The more you can give journalists what they want, the better your chances of that all-important coverage.
London-based PR agency ON-Broadcast conducted a qualitative survey of journalists working for British broadcast outlets, and national daily and Sunday newspapers, including BBC News, ITV News and Sky News.
It found nearly two-thirds (64%) of journalists think that PR professionals “don’t understand what a story is.”
Additional complaints from journalists include PR professionals who “don’t understand my media title” (62%), “they try to tell me what a story is” (54%), “they don’t provide full contact details including phone number” (48%) and “they put unnecessary embargoes on stories” (44%).
The survey also found that Twitter, Facebook and Instagram are the most important sources for news, with 78% of journalists finding stories on social media. Additional story sources include personal contacts (68%), press releases (60%), other media (50%) and ring-ins from the public (42%).
In addition, most journalists (94%) agreed the press release is still a recognized source for stories, although the ideal length should be on average 18 paragraphs long.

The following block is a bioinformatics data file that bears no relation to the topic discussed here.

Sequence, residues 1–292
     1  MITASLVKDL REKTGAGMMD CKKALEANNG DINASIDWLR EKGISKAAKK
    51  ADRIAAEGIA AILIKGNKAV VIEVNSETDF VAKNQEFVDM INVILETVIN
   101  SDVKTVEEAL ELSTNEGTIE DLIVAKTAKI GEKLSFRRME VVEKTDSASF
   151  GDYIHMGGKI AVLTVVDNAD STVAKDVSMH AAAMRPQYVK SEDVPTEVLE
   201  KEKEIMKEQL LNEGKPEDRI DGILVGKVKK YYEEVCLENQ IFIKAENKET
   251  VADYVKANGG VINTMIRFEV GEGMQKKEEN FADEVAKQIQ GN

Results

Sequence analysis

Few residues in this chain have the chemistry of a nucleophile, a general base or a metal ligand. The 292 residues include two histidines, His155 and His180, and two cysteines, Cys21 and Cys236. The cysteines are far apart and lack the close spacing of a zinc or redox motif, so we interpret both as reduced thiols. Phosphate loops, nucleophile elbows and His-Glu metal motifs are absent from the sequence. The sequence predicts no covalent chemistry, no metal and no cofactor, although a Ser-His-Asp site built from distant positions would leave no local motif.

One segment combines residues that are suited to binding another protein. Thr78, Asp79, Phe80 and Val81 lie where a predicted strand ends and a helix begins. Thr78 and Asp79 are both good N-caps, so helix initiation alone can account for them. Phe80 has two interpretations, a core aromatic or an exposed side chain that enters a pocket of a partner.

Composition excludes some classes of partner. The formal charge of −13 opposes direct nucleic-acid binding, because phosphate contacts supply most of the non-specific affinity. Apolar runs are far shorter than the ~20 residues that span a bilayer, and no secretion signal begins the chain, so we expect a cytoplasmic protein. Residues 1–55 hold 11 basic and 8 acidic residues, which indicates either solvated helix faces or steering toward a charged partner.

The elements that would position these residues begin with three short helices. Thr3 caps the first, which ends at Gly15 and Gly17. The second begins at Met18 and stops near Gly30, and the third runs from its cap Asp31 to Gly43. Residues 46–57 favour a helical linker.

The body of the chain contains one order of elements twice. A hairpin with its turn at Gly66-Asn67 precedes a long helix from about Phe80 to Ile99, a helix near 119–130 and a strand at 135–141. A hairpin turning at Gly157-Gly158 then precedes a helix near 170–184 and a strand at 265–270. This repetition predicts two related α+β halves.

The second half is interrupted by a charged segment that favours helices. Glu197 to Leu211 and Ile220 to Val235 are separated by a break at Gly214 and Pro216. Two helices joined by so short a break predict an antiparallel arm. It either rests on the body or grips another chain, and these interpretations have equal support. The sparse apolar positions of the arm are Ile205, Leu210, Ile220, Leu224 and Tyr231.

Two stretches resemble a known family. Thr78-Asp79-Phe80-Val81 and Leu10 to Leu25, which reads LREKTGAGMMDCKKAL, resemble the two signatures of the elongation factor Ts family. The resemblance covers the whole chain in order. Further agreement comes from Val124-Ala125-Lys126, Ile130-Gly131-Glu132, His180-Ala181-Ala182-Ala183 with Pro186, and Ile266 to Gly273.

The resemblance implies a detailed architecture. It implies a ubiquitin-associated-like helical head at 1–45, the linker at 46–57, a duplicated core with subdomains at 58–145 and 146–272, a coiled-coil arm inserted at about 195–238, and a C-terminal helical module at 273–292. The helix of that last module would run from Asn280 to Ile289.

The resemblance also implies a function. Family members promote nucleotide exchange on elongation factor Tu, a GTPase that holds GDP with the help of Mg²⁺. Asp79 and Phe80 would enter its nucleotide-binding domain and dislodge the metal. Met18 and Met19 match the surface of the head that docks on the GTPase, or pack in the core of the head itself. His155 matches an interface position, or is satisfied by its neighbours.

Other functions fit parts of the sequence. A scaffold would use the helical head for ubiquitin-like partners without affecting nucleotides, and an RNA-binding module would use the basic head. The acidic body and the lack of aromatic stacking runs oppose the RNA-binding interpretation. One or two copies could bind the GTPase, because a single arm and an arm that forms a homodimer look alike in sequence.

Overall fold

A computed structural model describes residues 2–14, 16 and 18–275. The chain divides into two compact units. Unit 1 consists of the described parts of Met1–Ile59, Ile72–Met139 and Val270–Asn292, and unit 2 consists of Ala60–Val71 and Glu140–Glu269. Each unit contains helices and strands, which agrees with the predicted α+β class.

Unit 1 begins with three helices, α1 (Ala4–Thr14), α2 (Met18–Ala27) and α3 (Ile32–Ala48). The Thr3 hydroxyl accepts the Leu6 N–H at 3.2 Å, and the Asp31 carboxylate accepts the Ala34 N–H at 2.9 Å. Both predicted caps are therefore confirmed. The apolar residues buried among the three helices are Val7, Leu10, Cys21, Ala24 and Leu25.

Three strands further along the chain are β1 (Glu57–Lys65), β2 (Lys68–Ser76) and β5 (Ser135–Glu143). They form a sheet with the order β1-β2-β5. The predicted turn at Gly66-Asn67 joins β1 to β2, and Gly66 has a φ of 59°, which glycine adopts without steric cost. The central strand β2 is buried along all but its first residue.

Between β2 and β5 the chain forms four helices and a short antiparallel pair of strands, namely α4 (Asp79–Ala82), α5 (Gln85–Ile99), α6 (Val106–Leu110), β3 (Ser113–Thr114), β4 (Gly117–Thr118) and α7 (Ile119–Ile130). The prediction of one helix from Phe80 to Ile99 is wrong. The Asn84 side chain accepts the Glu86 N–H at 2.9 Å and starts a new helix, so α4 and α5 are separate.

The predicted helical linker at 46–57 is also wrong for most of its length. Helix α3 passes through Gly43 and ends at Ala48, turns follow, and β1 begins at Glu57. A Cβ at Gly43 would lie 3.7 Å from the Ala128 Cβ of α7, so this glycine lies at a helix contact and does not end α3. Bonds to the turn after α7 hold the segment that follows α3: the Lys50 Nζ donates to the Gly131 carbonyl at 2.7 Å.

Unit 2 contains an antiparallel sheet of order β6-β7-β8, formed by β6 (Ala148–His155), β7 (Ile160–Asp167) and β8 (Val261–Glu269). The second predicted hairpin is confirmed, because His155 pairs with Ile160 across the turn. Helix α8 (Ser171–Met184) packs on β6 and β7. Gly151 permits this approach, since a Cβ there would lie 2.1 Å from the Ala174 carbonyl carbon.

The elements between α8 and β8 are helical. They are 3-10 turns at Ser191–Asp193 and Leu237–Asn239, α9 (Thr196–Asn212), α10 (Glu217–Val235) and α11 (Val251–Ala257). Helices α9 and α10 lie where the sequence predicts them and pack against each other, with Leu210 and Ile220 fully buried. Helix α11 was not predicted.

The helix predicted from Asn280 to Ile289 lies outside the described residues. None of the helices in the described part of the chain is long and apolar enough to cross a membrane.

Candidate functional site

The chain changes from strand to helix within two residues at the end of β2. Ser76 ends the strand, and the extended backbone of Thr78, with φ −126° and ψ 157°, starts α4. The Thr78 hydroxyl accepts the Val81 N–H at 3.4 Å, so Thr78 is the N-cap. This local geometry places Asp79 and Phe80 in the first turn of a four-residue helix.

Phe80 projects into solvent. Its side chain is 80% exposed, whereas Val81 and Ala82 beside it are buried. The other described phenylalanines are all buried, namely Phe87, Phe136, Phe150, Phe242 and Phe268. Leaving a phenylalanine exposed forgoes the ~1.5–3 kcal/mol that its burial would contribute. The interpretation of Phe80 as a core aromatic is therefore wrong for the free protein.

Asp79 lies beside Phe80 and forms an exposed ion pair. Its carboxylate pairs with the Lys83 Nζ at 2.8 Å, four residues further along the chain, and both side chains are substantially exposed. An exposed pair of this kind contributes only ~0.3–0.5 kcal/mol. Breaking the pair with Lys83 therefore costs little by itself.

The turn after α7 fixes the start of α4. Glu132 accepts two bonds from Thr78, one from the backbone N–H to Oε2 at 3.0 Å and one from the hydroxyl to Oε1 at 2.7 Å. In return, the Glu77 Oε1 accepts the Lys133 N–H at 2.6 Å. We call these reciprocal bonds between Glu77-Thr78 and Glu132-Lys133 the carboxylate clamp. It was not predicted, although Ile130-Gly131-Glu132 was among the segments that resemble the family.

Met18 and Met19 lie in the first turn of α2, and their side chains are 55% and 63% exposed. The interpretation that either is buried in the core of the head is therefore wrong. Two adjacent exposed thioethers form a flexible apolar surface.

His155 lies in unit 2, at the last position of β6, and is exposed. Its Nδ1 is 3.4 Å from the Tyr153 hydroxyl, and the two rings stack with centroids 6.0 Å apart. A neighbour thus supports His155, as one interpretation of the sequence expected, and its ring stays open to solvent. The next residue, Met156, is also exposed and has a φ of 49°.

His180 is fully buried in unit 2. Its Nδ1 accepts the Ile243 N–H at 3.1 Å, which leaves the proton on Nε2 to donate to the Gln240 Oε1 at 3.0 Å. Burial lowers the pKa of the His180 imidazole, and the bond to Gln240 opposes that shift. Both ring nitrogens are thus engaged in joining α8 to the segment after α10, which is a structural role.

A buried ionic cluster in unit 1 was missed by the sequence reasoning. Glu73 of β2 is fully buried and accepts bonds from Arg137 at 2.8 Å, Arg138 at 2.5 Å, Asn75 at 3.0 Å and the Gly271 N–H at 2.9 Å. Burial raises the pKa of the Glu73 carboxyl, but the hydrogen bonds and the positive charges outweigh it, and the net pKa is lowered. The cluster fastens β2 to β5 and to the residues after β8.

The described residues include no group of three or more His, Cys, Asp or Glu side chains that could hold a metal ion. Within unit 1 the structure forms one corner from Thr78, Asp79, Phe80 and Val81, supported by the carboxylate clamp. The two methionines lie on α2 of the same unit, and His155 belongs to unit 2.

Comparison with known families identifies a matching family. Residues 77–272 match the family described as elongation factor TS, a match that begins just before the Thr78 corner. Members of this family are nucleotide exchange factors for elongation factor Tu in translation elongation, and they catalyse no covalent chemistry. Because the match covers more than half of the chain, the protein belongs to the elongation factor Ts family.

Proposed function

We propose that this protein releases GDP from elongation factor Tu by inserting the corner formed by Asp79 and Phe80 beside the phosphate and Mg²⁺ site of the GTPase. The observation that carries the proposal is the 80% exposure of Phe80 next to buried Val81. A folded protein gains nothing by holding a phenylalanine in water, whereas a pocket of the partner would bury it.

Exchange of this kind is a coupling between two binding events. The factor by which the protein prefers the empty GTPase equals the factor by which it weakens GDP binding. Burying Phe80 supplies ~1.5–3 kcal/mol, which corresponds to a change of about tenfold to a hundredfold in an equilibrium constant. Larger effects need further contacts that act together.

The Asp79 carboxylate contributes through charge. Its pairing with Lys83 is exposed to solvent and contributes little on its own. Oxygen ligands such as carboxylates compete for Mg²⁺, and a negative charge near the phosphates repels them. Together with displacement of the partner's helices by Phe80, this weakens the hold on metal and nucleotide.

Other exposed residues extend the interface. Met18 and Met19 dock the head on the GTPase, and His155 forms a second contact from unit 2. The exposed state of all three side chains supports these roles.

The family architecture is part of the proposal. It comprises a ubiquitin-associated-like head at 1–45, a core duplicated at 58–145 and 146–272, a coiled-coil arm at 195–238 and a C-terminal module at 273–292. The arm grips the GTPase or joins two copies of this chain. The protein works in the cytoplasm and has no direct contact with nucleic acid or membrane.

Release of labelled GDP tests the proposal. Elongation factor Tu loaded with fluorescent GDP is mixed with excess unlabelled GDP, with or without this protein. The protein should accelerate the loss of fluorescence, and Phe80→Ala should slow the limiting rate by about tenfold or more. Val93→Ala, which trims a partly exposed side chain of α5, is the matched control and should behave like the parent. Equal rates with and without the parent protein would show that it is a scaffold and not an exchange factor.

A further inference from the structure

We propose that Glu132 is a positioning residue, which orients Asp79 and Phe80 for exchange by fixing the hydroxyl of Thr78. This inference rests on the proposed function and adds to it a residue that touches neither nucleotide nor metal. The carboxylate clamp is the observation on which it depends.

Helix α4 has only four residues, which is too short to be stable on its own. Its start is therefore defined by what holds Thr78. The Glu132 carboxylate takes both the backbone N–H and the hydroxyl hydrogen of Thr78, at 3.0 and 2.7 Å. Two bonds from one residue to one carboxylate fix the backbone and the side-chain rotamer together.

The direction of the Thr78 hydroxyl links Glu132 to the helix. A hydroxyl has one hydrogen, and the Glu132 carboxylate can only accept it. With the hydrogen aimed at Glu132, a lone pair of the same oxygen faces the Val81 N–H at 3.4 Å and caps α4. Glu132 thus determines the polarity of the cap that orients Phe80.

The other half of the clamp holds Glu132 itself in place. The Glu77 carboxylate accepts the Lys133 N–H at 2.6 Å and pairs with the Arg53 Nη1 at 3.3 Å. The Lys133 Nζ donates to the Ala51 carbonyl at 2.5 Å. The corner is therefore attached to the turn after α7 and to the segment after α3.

Charlotte McConkey, director at ON-Broadcast, said: “The challenge for PRs is to recognize how vital social media platforms are when it comes to generating stories, news and content for traditional media, and understand the relationship between both in terms of the news cycle.
“A similar challenge, which also goes to the heart of PR, is selling-in stories to media. While three-quarters of journalists say they prefer email contact, there is still no magic sell-in formula — and the best PRs know they need to adopt various approaches to land that all-important branded client coverage,” she said.
Exactly half of those quizzed say it is either important or very important to receive video/b-roll content as part of a package pitched by PR professionals.
Celebrity endorsement as part of a PR campaign remains popular, with 40% saying they are more likely to use video content pitched to their news organization if it involves a famous face.
When considering an interview with an opinion leader, one in five said they prefer a female spokesperson, with the preference for female guests particularly strong among radio journalists.
McConkey added: “The more you can give journalists what they want, the better your chances of that all-important coverage.”
This article first appeared on prweek.com.